Russia reacted to the financial sanctions by shoring up and artificially stabilising the Rouble with a 20% interest rate and conducting bilateral trade in Roubles, not foreign currency. Thus, for the time being, the Russian economy continues to function.
As the war with Ukraine is drawn out and extra spending is used on military equipment and imports of crucial materials and food will sanctions start to bite?
This includes a US ban on the import of Russian crude oil, liquified natural gas, and coal, as well as restrictions on US investments in Russian energy companies. But energy is the Achilles heel of the EU response. The EU allowed itself to become dependent upon Russian energy supplies, taking 40% of its gas supply and one-third of the crude oil supply. Not all EU Member States were willing to impose sanctions that would affect energy supply – with Hungary being the chief opponent of sanctions. Eventually, the EU was able to agree to sanctions against the import of Russian oil and in December 2022 the G7 countries imposed a cap on the price of Russian crude oil to $60 per barrel.
Russia used its economic influence to close the Nord Stream 1 pipeline to Germany and stopped gas exports to Poland and Bulgaria. It has evaded the G7 price cap by requisitioning a fleet of over 100 old oil tankers to create a “shadow fleet” to export and sell oil above the G7 price cap.
Russia found China to be a willing importer of its surplus oil supplies, coal and liquified natural gas at discounted rates.
The effect of the sanctions has been to raise EU energy prices to more than fourteen times their level in 2019, having a big impact on consumers. However, as Simon Nixon notes the European economy has not been as adversely affected as was initially feared.
This is the area where the effect of economic measures might be felt in the future conduct of the war. Russia is depleting its military equipment and running out of modern technology. Early on, China filled the void created by the ban on the export of semiconductors, and today there is speculation that China has increased its production of high-tech military equipment with a view to supplying Russia.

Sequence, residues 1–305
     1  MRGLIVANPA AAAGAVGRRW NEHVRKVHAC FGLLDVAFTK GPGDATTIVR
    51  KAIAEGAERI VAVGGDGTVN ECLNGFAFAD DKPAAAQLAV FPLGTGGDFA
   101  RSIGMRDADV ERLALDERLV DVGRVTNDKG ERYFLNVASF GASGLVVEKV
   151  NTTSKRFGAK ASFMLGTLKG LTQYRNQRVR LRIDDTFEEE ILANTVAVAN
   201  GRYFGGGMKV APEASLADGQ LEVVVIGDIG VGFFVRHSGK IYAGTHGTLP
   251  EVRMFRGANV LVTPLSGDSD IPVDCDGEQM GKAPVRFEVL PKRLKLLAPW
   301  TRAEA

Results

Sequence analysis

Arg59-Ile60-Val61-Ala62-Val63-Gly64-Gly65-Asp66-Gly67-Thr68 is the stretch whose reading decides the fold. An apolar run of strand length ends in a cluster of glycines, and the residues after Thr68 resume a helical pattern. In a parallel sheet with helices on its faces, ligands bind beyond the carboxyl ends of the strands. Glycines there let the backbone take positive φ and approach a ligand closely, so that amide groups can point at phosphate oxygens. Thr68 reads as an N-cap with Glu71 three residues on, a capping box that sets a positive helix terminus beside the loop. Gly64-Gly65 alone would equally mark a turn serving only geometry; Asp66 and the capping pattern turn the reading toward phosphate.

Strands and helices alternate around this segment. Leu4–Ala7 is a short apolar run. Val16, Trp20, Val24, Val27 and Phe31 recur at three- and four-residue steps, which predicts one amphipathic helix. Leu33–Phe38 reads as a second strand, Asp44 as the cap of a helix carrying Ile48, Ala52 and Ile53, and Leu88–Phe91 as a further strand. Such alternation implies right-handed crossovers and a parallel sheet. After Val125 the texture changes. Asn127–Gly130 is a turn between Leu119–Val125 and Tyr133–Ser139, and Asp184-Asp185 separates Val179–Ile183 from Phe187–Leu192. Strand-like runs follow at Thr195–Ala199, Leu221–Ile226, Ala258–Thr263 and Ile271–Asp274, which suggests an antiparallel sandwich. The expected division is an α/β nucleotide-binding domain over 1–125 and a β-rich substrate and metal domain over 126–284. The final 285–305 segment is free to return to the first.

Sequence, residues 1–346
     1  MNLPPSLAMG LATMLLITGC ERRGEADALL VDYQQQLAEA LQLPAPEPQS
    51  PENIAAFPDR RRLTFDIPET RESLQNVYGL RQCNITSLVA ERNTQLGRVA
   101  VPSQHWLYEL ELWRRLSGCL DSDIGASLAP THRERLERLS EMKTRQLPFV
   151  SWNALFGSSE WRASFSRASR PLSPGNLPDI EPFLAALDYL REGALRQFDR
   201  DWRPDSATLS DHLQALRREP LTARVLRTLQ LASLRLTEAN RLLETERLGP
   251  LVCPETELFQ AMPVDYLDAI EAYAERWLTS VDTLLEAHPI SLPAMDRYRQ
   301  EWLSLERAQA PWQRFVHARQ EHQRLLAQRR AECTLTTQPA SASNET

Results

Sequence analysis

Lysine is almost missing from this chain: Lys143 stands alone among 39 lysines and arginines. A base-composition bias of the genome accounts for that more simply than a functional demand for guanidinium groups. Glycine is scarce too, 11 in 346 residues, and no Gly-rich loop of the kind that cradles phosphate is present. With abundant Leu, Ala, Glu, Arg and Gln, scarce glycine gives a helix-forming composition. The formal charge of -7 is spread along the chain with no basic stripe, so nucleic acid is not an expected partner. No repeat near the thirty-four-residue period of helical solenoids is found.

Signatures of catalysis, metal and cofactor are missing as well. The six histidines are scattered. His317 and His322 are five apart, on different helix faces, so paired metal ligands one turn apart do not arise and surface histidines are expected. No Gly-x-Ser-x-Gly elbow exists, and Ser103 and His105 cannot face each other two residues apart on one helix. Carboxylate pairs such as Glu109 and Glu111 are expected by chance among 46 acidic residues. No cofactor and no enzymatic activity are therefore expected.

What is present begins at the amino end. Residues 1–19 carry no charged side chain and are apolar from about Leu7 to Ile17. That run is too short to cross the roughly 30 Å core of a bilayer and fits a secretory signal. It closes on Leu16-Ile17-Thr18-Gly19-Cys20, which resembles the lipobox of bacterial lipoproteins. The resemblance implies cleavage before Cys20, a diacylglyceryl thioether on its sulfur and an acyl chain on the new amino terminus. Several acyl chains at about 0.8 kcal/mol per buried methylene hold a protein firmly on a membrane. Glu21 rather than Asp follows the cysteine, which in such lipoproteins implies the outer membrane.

Economic sanctions were seen as a rapid, demonstrative response by Western governments to the wider threat posed by Russian territorial ambitions, and as a less confrontational response than arming Ukraine or triggering a NATO military response. The early claims from the US and the EU were that sanctions would be coercive, isolating Russia, destroying the economy and damaging the war machine.
The US was able to act quickly and decisively because sanctions are a staple of its economic foreign policy. Similarly in the UK there was an infrastructure to implement a wide range of sanctions. Whereas the EU was mired in differences between the Member States and has been slower to respond. Some of these differences are political, but also the pragmatic realisation of the economic policy mistakes in the past, placing too much reliance on Russian energy supplies. Thus, in 2023, the EU is smarting from the impact of this strategy and Russia has been able to utilise allies in China, India and Turkey, to diversify its energy export markets.
Ukraine has been devastated by the war. Today there is less focus on sanctions as a deterrent and greater emphasis on how Ukraine can be armed to end the war. The war has highlighted concerns about supply chain resilience, which in turn, is leading to a reformulation of trade and investment strategies in areas which have nothing to do with this conflict, in an attempt to mitigate these vulnerabilities.
 The Peterson Institute for International Economics (PIIE) launched, and updated, a post charting the sanctions.
The EU also created a webpage setting out the measures taken.
Commentaries were written by UKTPO from Gasiorek and Larbalestier
and by Cygan, Disney and Szyszczak for the Economics Observatory.
The opinions expressed in this blog are those of the authors alone and do not necessarily represent the opinions of the University of Sussex, UK Trade Policy Observatory or Centre for Inclusive Trade Policy.